That is the thing - they are not giving everyone 1 million, they give everyone a /64 - they even use /64 for connections between routers, like with IPv4 where you would use a /30 or even the special case /31

 

They give you a /64 -- so that is 18,446,744,073,709,551,616 IP addresses..Quite a bit more.. What could I possibly do with that many addresses, and the plan is for me to use that for every network segment.. So for example - I have 3 currently where I have lan, wlan and dmz -- they would all get /64's and business would get a /48.  I can get a /48 right now if I want..  And if I was going to run ipv6 on my segments would I am expected do vs just subnet my /64 I already have which has more than enough IP address for multiple planets ;)

 

A /48 is 1,208,925,819,614,629,174,706,176  IP addresses ;)

 

It's not they are giving them out by the million, they are giving them out by the Quintillion, and you can have a Septillion if you want them..



#19 PGHammer

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Posted 09 March 2014 - 20:31

That is the thing - they are not giving everyone 1 million, they give everyone a /64 - they even use /64 for connections between routers, like with IPv4 where you would use a /30 or even the special case /31

 

They give you a /64 -- so that is 18,446,744,073,709,551,616 IP addresses..Quite a bit more.. What could I possibly do with that many addresses, and the plan is for me to use that for every network segment.. So for example - I have 3 currently where I have lan, wlan and dmz -- they would all get /64's and business would get a /48.  I can get a /48 right now if I want..  And if I was going to run ipv6 on my segments would I am expected do vs just subnet my /64 I already have which has more than enough IP address for multiple planets ;)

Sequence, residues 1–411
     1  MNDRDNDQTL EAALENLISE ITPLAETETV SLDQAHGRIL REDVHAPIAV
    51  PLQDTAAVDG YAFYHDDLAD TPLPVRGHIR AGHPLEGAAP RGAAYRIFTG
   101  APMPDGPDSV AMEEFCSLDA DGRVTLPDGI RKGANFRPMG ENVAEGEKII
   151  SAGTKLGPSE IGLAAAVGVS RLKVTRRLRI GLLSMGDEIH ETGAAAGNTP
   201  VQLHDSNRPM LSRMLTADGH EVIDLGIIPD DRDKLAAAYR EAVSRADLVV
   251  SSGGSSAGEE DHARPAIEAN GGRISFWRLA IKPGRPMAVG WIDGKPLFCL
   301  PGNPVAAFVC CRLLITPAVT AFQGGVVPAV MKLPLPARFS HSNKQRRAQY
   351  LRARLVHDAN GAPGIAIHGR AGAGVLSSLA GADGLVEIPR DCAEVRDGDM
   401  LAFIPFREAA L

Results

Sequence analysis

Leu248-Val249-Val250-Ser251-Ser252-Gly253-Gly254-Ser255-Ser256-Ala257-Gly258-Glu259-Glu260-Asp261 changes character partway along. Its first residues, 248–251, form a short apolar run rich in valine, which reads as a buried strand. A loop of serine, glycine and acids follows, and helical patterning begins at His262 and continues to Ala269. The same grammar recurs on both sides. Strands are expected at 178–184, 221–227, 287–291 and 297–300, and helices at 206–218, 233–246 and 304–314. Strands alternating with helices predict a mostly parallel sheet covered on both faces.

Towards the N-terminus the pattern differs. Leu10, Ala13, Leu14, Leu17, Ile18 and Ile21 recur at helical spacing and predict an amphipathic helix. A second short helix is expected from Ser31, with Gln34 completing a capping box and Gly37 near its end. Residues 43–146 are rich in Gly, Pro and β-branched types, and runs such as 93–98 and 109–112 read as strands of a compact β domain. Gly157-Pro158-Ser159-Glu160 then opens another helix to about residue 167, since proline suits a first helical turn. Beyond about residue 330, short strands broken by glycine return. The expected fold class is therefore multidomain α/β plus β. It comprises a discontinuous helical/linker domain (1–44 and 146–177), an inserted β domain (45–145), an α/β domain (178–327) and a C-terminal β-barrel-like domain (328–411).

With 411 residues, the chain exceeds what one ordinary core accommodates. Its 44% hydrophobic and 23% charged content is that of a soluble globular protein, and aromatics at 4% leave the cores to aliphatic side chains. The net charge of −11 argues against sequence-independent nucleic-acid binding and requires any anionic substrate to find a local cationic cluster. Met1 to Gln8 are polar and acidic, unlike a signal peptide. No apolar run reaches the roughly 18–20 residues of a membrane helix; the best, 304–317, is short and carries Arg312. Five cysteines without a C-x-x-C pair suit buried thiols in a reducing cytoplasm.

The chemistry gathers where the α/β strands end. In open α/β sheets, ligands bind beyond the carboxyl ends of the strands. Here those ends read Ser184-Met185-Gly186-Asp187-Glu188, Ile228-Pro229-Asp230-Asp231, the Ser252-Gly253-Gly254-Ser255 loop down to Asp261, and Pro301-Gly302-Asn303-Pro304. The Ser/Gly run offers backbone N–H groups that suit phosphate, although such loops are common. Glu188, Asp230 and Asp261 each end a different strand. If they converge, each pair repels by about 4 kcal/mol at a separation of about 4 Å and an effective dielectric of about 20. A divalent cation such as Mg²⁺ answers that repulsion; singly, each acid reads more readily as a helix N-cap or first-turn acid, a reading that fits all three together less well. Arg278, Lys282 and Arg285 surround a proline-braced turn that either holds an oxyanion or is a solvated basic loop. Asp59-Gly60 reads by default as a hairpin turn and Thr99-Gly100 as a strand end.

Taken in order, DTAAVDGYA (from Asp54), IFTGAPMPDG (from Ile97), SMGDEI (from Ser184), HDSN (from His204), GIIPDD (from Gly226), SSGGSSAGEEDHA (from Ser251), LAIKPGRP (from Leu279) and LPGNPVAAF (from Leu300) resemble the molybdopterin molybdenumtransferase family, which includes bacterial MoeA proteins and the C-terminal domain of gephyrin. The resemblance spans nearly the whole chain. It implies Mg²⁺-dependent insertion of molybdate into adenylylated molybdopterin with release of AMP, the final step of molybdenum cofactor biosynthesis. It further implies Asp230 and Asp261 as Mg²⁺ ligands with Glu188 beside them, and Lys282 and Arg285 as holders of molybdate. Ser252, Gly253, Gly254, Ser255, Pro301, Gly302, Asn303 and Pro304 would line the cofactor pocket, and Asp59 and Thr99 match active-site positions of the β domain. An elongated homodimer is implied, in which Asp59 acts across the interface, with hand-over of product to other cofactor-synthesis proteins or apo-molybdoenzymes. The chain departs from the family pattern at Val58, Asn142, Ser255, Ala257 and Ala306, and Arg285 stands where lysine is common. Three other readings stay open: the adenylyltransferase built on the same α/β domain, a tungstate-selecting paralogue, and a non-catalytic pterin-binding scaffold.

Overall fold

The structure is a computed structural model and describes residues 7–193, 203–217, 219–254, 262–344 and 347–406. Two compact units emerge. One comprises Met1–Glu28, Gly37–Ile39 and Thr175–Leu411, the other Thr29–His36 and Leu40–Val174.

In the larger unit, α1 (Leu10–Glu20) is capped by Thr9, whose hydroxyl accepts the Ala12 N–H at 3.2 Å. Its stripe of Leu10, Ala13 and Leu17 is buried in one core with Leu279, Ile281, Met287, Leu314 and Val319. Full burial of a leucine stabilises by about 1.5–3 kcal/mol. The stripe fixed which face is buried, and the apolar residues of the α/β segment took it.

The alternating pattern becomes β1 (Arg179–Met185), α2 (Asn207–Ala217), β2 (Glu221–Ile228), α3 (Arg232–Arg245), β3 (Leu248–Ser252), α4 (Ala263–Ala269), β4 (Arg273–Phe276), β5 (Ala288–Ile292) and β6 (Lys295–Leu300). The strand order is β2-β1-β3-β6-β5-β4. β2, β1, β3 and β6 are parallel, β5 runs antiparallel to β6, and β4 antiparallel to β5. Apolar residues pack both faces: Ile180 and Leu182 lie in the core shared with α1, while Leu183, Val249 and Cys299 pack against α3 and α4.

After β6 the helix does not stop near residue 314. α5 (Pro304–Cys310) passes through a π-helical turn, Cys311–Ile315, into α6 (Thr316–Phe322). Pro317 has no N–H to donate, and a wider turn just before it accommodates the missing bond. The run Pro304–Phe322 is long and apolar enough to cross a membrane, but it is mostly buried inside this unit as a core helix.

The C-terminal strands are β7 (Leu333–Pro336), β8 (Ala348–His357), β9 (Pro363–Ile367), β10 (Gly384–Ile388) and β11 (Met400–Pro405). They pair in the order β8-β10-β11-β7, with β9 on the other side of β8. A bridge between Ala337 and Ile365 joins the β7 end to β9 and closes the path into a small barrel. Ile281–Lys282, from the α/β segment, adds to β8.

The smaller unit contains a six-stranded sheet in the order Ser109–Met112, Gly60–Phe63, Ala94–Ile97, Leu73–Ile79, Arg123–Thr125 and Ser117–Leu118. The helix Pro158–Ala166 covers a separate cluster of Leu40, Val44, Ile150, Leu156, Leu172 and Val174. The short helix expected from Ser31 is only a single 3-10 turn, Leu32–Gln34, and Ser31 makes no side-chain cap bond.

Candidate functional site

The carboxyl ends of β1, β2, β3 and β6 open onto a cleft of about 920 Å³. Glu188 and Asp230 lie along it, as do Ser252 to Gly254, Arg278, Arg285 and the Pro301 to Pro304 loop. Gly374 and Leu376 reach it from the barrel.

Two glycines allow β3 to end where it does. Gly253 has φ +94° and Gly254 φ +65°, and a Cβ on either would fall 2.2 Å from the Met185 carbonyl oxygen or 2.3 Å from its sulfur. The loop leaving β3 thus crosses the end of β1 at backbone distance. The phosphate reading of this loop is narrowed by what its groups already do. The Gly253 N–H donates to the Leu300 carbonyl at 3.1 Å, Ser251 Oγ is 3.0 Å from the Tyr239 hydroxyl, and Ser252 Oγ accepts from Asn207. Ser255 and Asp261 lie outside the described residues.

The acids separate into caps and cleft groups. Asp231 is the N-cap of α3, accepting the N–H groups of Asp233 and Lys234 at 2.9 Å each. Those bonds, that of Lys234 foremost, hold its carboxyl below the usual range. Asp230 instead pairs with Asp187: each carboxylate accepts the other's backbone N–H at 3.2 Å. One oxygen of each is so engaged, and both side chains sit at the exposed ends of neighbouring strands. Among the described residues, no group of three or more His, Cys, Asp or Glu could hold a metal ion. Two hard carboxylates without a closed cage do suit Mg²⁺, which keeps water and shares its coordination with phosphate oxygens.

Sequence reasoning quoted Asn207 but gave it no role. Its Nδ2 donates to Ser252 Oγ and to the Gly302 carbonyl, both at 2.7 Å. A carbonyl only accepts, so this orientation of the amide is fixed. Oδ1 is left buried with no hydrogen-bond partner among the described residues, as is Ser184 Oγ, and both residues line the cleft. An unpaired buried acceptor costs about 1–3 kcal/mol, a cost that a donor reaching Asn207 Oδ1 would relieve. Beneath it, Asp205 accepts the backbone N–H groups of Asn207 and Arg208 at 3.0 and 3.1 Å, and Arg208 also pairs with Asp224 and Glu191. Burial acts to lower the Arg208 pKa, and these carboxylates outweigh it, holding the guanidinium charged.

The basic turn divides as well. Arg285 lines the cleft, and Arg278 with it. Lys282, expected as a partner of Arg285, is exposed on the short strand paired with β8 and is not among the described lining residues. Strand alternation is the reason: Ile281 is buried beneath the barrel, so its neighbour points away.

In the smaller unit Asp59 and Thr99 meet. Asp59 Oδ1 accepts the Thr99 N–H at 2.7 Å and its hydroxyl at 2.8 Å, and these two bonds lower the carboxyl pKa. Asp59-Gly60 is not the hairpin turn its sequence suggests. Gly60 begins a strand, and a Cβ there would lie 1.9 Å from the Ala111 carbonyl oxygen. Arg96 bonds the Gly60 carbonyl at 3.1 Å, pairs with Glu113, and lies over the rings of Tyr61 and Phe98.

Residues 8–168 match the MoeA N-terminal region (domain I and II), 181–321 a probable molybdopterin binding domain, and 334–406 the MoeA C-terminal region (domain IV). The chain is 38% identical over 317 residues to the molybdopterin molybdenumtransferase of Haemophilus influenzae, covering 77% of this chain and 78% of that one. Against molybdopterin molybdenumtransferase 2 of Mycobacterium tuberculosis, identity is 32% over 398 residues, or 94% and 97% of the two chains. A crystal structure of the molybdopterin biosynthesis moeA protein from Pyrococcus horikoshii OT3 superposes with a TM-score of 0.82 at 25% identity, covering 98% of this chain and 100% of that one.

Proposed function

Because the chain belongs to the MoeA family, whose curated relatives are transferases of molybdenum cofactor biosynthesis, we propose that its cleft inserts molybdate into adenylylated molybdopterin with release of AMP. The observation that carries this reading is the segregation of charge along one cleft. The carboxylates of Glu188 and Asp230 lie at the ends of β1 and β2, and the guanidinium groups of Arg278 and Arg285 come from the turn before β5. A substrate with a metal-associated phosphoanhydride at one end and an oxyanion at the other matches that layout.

A /48 is 1,208,925,819,614,629,174,706,176  IP addresses ;)

 

It's not they are giving them out by the million, they are giving them out by the Quintillion, and you can have a Septillion if you want them..

And there is no router on the PLANET that can manage that many addresses on a per-IP basis.  None.  (I get a /48 from Comcast HSI - as does every single customer - and the chance of any customer running out of IPs if their router supports DHCPv6 - even if Comcast supplies the router - is exactly none.  I have SEEN the residential routers that Comcast currently supplies - all of them support DHCPv6, by the way, which did not used to be the case - the chance of DHCPv6 exhaustion is zero.  Even CISCO admits that their carrier-grade Catalyst routers are unable to fine-grain manage merely an entire /24 - the original smallest sub-block - let alone the /48 handed out to individuals today.)  You'll run out of bandwidth - in fact you'll run out of ROUTER, even if your router is carrier-grade - before you'll exhaust a /48.  (Cisco has their share of public white papers on their own IPv6 rollout - they make for VERY interesting reading.)



#20 +snaphat (Myles Landwehr)

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Posted 09 March 2014 - 20:34

You'll run out of bandwidth - in fact you'll run out of ROUTER, even if your router is carrier-grade - before you'll exhaust a /48.  (Cisco has their share of public white papers on their own IPv6 rollout - they make for VERY interesting reading.)

Just to clarify, you are saying you'll run out of memory to keep routing tables in, correct?



#21 Ambroos

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Posted 09 March 2014 - 20:39

Ehm, I've been doing almost all of my surfing over IPv6 whenever available for a few months now. While there's no real advantage it's nice to be on the cutting edge of technology.

 

It shouldn't be a lot of work to support IPv6 if your ISP/host has proper support for it, and there are no downsides to it. So then why not?



#22 +BudMan

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Posted 09 March 2014 - 21:00